Not my style of journalism experiment


Since the Bay Area News Project was announced last year, I’ve followed its development with some interest. First, I want vigorous media in the Bay Area (the major local paper, The San Francisco Chronicle, is better than many people think, but its resources are pretty stretched). Second, I’m a small media entrepreneur in the Bay Area myself. Third, I’m convinced that securing a healthy future for journalism is important for society, and we need many different experiments to see what models will be sustainable over the long term.

But now that BANP has found a name (The Bay Citizen), a URL and announced a launch date (May 26), I’m stunned by their first effort. People on the mailing list received today an email encouraging them to become a “founder” by donating money in a number of tiers with various privileges.  Ponying up $50 gets you a couple of tickets to the launch party, $1,000 gets you a lunch with Editor-in-Chief Jonathan Weber and CEO Lisa Frazier, $100,000 and up gets you “customized recognition opportunities”.

What’s wrong with that? If The Bay Citizen were really a grassroots effort it would make a lot of sense. But it’s not. I find it bordering on deceptive that The Bay Citizen is seeking individual donations without noting clearly that the Hellman Family Foundation gave $5 million in “seed” funding (that information can be found on the site’s FAQ). Warren Hellman, one of the richer people in the Bay Area, is chairman of the board. Frazier left a highly remunerative job at McKinsey & Co to lead The Bay Citizen for lower rewards, but a reported salary of $400,000 plus is absurd in a start-up of this scale. Weber, a very talented editor who created and led New West, can also be presumed to be earning significant six figures.

I know, however, that a fundraising email that said, “We have $5 million from a local financier and philanthropist and we’re paying ourselves very high salaries. Help us get this project off the ground”, would be unsuccessful, even if truthful.

I’ll admit to some sour grapes. I started Berkeleyside with my two partners on a shoestring (or perhaps half a shoestring). We just did it (just as Dave Winer and I just did InBerkeley before that). We’ve recently started taking advertising, which might be one way to become a sustainable business. We certainly didn’t bang the drum and make great noise about being “a source of ambitious, balanced journalism for the Bay Area” (from Bay Citizen’s dunning email) before we’d actually done anything.

One of the things I’m discovering as we develop Berkeleyside is that there are a host of wonderful local and hyperlocal sites around the country that are fueled by energetic entrepreneurs who have just gone out and done it. Like us, they are bootstrapping their businesses, and some have even managed to develop decent businesses, without much hoopla.

I still want The Bay Citizen to be wonderful and to succeed. But there’s a very sour taste in my mouth. I still think our modest, bootstrap approach, building readers and community organically and then finding our way to sustainability once we have something to show is the right way to do things.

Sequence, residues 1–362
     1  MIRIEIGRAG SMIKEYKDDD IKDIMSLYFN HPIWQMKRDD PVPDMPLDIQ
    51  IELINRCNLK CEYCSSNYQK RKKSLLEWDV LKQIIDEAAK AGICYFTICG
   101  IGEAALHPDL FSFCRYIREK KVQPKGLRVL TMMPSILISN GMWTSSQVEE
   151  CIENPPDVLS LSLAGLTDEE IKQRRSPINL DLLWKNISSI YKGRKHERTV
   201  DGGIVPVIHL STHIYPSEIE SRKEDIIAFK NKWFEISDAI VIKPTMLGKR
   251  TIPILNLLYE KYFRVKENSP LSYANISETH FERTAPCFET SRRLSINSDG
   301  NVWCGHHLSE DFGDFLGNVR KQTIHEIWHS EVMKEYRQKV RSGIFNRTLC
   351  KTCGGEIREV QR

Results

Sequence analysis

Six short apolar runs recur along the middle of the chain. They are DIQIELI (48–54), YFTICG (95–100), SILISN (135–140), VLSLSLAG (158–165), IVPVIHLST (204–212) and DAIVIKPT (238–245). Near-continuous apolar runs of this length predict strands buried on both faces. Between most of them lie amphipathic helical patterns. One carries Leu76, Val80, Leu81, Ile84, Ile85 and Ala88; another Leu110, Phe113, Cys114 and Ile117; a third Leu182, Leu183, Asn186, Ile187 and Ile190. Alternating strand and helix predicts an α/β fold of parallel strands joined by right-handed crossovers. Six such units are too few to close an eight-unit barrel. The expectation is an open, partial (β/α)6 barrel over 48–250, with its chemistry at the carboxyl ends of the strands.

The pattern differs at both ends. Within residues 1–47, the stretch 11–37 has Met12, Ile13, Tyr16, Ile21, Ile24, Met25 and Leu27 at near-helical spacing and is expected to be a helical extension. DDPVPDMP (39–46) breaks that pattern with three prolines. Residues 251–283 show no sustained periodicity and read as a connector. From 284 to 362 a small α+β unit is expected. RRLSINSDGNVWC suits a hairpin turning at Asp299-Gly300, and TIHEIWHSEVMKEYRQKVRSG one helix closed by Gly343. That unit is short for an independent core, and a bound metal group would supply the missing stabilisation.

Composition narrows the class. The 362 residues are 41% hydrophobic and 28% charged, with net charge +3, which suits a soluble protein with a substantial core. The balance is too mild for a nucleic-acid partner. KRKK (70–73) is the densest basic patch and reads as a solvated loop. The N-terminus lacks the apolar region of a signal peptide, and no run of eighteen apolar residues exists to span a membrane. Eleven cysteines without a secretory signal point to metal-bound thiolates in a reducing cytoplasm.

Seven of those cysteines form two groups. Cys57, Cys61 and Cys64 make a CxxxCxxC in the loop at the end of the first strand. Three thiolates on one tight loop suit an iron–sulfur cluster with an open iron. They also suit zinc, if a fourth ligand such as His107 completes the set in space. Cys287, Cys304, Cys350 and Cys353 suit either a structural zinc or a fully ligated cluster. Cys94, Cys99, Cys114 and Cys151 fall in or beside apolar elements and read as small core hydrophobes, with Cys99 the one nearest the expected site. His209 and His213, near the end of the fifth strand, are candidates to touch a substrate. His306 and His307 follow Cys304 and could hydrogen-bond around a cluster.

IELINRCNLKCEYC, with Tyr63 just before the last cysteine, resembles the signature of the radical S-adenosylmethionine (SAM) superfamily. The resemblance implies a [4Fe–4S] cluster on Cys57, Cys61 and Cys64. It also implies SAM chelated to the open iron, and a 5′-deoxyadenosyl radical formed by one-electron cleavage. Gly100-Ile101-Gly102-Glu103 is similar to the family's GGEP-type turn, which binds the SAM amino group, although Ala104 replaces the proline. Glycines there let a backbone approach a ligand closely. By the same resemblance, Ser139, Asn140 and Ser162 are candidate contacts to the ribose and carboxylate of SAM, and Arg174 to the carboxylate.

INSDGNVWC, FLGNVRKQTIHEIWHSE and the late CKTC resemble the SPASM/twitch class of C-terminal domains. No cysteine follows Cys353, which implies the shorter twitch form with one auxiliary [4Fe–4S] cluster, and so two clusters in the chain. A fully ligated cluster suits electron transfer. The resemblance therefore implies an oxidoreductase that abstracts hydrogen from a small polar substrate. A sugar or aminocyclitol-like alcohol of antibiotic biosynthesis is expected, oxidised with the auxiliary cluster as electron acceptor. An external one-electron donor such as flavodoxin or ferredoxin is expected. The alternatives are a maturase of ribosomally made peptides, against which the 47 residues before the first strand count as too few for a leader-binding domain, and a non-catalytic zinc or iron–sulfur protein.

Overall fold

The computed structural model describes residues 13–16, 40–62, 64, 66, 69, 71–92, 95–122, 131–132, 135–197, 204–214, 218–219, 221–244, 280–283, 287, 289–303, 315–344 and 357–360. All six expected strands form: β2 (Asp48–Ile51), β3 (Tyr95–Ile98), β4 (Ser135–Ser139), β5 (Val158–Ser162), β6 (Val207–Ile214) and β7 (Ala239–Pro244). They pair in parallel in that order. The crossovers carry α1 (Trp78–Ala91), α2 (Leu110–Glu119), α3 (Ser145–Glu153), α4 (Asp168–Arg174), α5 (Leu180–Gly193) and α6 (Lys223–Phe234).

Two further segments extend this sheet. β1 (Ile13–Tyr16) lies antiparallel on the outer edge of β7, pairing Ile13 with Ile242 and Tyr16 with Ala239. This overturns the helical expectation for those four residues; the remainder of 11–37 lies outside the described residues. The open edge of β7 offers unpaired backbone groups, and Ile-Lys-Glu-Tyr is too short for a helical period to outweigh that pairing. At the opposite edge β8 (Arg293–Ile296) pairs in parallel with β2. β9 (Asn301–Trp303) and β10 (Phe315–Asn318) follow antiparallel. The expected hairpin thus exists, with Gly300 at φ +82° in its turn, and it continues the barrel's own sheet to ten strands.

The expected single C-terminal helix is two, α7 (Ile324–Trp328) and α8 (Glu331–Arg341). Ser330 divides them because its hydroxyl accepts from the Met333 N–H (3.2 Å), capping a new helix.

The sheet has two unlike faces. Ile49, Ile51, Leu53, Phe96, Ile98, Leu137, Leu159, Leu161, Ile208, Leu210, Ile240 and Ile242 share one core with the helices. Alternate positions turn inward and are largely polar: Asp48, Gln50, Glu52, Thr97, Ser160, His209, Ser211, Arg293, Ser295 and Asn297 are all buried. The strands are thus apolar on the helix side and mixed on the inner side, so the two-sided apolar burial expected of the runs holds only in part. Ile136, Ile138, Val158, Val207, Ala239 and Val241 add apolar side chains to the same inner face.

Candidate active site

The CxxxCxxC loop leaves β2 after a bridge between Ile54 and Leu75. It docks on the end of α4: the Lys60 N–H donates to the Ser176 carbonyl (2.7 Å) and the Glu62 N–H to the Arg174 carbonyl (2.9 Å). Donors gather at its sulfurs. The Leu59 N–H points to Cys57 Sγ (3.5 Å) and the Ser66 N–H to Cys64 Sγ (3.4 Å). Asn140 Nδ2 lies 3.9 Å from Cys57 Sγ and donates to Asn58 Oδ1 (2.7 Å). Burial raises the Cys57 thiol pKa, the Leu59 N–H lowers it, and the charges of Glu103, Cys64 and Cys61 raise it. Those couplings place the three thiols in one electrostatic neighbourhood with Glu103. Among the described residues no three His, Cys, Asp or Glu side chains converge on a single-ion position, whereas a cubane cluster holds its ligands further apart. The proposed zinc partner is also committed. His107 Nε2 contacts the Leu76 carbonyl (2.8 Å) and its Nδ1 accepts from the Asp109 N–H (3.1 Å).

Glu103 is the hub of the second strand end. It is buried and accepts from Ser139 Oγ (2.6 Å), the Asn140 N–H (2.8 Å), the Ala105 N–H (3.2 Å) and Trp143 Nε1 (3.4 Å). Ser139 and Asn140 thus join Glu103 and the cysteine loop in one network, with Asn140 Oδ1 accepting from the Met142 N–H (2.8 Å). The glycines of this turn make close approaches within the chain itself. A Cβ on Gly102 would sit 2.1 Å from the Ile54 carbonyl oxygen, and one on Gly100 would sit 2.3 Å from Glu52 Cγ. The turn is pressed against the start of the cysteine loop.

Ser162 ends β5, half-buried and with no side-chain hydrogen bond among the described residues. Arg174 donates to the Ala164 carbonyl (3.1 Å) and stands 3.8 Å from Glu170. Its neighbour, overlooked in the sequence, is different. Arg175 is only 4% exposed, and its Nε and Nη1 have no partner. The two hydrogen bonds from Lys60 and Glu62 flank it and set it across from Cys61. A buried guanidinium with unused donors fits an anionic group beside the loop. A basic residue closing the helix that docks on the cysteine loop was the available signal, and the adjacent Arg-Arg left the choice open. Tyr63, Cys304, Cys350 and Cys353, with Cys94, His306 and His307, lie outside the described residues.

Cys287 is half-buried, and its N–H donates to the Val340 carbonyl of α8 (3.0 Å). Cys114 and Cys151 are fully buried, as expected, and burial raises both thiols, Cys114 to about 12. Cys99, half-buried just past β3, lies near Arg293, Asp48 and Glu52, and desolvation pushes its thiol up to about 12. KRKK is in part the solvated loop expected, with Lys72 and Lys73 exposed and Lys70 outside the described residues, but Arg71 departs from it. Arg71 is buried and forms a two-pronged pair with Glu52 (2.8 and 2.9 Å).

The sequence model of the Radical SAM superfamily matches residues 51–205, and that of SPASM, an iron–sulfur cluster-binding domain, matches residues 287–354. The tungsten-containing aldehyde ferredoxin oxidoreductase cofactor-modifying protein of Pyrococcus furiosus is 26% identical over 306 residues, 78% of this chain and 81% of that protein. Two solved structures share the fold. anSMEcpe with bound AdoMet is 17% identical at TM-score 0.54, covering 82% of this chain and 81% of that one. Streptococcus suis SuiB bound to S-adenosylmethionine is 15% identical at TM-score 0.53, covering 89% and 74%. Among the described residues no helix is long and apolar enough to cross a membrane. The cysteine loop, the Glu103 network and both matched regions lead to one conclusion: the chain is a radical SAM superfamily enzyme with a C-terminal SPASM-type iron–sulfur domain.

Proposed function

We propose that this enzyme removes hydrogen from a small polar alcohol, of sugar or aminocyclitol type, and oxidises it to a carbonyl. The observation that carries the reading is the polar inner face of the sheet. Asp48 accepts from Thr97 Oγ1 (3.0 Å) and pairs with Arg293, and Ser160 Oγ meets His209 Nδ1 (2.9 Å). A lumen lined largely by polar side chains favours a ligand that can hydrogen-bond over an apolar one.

4 thoughts on “Not my style of journalism experiment

  1. Tracy at WSB

    I just threw out most of the long agreeing-with-you rant I was going to post. Except, the part about the “donate $1,000+ and get to lunch with us” REALLY bugs me. Reminiscent of those Washington Post influencer dinner invites that drew so much fire a few months back.

    Maybe we’re just not brazen enough to dare sending out letters requesting potentially huge sums of cash. Even though, unlike this enterprise (which we too hope grows and flourishes), we have a four-plus-year track record of growth and service. OMG, suggesting that a four-digit donation would buy a chance to lunch with co-publisher hubby and me? Cough. If you want to meet “readers” (we prefer “collaborators”) and other supporters, I think *you* should be buying *them* the food and drink. We’re not much for meetups, tweetups and happy hours (we are covering community-group meetings most nights), but one of these days we’re going to throw one whale of a party to celebrate all this fun we’ve been having, thanks to our wonderful community. And we wouldn’t dream of charging WSB peeps a dime.

  2. Becca

    Personally, I was underwhelmed with the long editor’s note about the choosing of the name Bay Citizen. I don’t care what you call yourself. Tell me what you’re going to DO.

  3. Rose

    As the Director of Membership for The Bay Citizen, I wholeheartedly agree that “we need many different experiments to see what models will be sustainable over the long term.”

    Yes, we have a $5 million grant from the Hellman Family Foundation. That much is clear and readily known. We will need this kind of funding if we are to accomplish our ambitious mission of being a destination for insightful, quality news about the nine counties and 7 million people of the Bay Area. So why do we need to raise $50 here, $100 there from our members? Because we will not accomplish our mission if we don’t have broad support from our community – moral, yes, but also financial. In five years’ time, we expect to be over 50% funded by membership support from the Bay Area community. Warren’s generous seed funding is exactly that – money to help get us off the ground.

    We’ve gotten a hugely positive response to The Bay Citizen so far. It’s up to us to live up to the Bay Area community’s high expectations, and ultimately the community will determine how well we succeed.


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